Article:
Jun.13.19 Deepfake Salvador Dalí Interacts with Museum Visitors, Takes Selfies!
Image: The Dalí Museum
Salvador Dalí once wrote, "If someday I may die, though it is unlikely, I hope the people in the cafes will say, ‘Dalí has died, but not entirely." Now 30 years after his alleged death, in a precedent-setting exhibition where a museum has used artificial intelligence-based techniques and TouchDesigner to bring an artist back to life, it turns out that Dalí's prescience was on point!
With the opening of the Dalí Lives exhibitionat the Dalí Museum in St. Petersburg, Florida, Dalí has quite authentically been resuscitated with a 'deepfake' where the man himself appears to banter pleasantly with museum visitors, taking selfies with people and sending them text messages!
Dalí Lives is unique in that it offers a new way to delight and inspire museum visitors and is a remarkable example of art meeting artificial intelligence and showcasing the possibilities created by this sometimes controversial technology.
We spoke to creative technologist Shan Jin of the San Francisco-based agency Goodby Silverstein & Partners (GS&P) who partnered with the museum to create the immersive exhibit. Shan Jin works at GS&P Labs, an internal innovation department at GS&P that experiments with emerging technology and collaborates with other creative departments to develop prototypes and fun experiences. Shan managed the Dalí Lives project and was responsible for the TouchDesigner development aspects of the implementation.
The Mau5head makes an appearance at Toronto rehearsal. Photo credit: Leah Sems
Less than 5 months before the premiere of his new Cube V3 show Canadian electronic music producer and DJ deadmau5 aka Joel Zimmerman paid a visit at the Derivative office in Toronto with the plan to build the entire show from scratch in a real time environment, specifically with TouchDesigner.
He had already invested solid – and very public time – learning the software in mind-boggling 18-to-48-hour work sessions on his Twitch.tv channel punctuated by cathartic bouts of gaming, his opinionated and adoring clan in tow. You could not look away… but also Zimmerman's self-reliance, agility and sheer stamina was perhaps what was most impressive as was his swift handling of TouchDesigner's infamous 'learning curve'.
Long story short, a few months and a sh*t ton of WORK later - "I put in the hours" he flatly states, emerged a 1.5 hour spectacle centred around a 21-foot-tall x 22-foot-wide, mechanical feat of engineering clad in pulsating, twisted visuals that singularly originates from him and turns E:DM on its head (so to speak ;). Whichever way you want to look at it, Cube V3 is something that hasn't been done before and it is remarkably good.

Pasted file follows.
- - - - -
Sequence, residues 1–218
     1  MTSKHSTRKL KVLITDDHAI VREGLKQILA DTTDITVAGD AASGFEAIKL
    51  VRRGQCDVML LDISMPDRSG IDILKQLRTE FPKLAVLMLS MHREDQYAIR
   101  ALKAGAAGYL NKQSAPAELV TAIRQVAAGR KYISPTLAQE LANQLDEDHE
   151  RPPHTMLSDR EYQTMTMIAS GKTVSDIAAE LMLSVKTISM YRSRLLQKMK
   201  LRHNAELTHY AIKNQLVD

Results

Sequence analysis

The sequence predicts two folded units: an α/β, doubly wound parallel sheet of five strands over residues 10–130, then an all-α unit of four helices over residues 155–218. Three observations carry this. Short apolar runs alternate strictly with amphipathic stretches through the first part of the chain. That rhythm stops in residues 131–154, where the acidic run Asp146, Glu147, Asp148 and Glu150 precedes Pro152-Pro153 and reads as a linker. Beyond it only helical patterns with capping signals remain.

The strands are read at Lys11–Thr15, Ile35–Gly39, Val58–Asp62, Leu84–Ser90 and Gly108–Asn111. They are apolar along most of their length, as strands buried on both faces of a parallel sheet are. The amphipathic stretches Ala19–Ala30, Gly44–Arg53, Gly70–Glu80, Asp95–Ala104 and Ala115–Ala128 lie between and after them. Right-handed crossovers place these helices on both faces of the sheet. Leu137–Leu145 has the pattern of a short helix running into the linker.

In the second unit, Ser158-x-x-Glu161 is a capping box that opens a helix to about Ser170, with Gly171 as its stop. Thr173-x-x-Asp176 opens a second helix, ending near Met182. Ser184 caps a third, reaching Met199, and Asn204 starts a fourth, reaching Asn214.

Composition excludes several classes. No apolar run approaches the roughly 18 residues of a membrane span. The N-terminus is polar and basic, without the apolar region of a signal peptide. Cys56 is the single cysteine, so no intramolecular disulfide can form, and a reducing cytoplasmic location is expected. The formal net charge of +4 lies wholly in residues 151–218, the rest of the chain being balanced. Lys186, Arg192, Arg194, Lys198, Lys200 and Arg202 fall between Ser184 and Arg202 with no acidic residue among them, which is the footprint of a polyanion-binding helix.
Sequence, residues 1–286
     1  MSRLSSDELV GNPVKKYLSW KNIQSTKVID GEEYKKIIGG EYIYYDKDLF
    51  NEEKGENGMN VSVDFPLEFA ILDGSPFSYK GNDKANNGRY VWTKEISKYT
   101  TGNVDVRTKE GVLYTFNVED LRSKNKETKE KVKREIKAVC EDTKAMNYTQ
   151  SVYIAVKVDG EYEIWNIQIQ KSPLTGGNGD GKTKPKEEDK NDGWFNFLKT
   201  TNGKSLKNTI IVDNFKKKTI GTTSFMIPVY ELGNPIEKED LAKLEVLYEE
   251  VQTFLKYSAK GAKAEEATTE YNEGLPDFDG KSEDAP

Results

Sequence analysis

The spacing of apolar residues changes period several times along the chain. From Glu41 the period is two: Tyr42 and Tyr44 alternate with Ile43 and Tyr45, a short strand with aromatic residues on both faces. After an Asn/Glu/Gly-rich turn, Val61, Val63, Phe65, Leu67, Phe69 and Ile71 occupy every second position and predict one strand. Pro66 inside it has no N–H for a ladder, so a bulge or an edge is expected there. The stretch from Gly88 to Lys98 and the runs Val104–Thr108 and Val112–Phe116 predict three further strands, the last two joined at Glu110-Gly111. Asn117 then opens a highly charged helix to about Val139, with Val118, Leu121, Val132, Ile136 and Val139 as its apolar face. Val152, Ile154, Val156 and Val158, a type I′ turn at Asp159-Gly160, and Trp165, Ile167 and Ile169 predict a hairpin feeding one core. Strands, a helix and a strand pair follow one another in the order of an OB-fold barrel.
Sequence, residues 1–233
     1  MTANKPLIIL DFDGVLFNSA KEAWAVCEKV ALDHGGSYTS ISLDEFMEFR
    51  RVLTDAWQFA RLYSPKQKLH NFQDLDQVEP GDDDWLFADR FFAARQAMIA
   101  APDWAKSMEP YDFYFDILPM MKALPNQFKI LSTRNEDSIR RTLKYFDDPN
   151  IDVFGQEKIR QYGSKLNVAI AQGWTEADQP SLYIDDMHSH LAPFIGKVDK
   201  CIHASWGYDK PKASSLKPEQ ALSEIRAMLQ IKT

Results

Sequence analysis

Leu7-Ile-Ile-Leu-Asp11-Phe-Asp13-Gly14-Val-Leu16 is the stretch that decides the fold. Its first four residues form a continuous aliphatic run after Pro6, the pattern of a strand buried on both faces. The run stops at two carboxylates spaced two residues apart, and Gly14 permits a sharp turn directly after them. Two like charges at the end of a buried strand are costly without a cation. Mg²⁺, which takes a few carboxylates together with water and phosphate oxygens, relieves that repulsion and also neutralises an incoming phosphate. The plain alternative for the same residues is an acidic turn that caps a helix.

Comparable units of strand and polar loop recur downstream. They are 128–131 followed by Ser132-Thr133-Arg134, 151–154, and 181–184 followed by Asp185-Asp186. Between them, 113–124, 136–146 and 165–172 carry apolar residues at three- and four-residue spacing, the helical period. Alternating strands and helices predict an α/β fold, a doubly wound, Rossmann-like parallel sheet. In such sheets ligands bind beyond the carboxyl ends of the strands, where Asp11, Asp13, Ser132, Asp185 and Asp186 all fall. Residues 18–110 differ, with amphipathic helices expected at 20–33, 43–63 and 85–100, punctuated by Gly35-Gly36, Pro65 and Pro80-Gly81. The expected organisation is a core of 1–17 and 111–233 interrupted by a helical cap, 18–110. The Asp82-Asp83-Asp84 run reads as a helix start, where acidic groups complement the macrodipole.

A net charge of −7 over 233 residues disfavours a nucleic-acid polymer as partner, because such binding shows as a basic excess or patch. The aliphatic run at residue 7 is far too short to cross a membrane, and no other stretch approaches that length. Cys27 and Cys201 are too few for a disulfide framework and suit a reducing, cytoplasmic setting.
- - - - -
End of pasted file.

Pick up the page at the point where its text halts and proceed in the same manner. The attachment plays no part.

And as Zimmerman put it to the Miami New Times before the show's premiere at the Ultra Music Festival March 30th "I need everyone to know how much of a fucking insanely stupid technological feat this is… That's important, because we have all this tech and no one's fucking using it."
Before getting into that, one of the many take-aways from having seen this beast come together is that deadmau5 is a truly great role model and from a kind of 'disenfranchised' standpoint that makes it even cooler and a lot more real. Look no further. Massive thanks to the head mau5 for so publicly supporting TouchDesigner and for talking to us here.
Mar.14.19 TouchDesigner Drives Real-Time Digital Game-Mechanics in Foxconn Frequency
Foxconn Frequency (no.3) - For Three Visibly Chinese Performers is a work of "algorithmic theatre" that incorporates real-time game mechanics, piano pedagogy, 3D-printing, and the poetry of former Foxconn worker Xu Lizhi.
Three performers work with and against each other as they move through a series of testings and mini-games sourced from piano training. They succeed and fail in real-time, forced to correct their mistakes before they can continue. In each performance, 3D-printers output an object documenting the performer's competency over time.
Fully automated and generative, the work is different every performance, ranging from 50 minutes to 80 minutes: an experiment in digital game-mechanics as a way of meaning-making in the performing arts.
TouchDesigner was used in all aspects of the design and development process: to program all the game mechanics, the audio/visual feedback for the performers, and what the audience sees.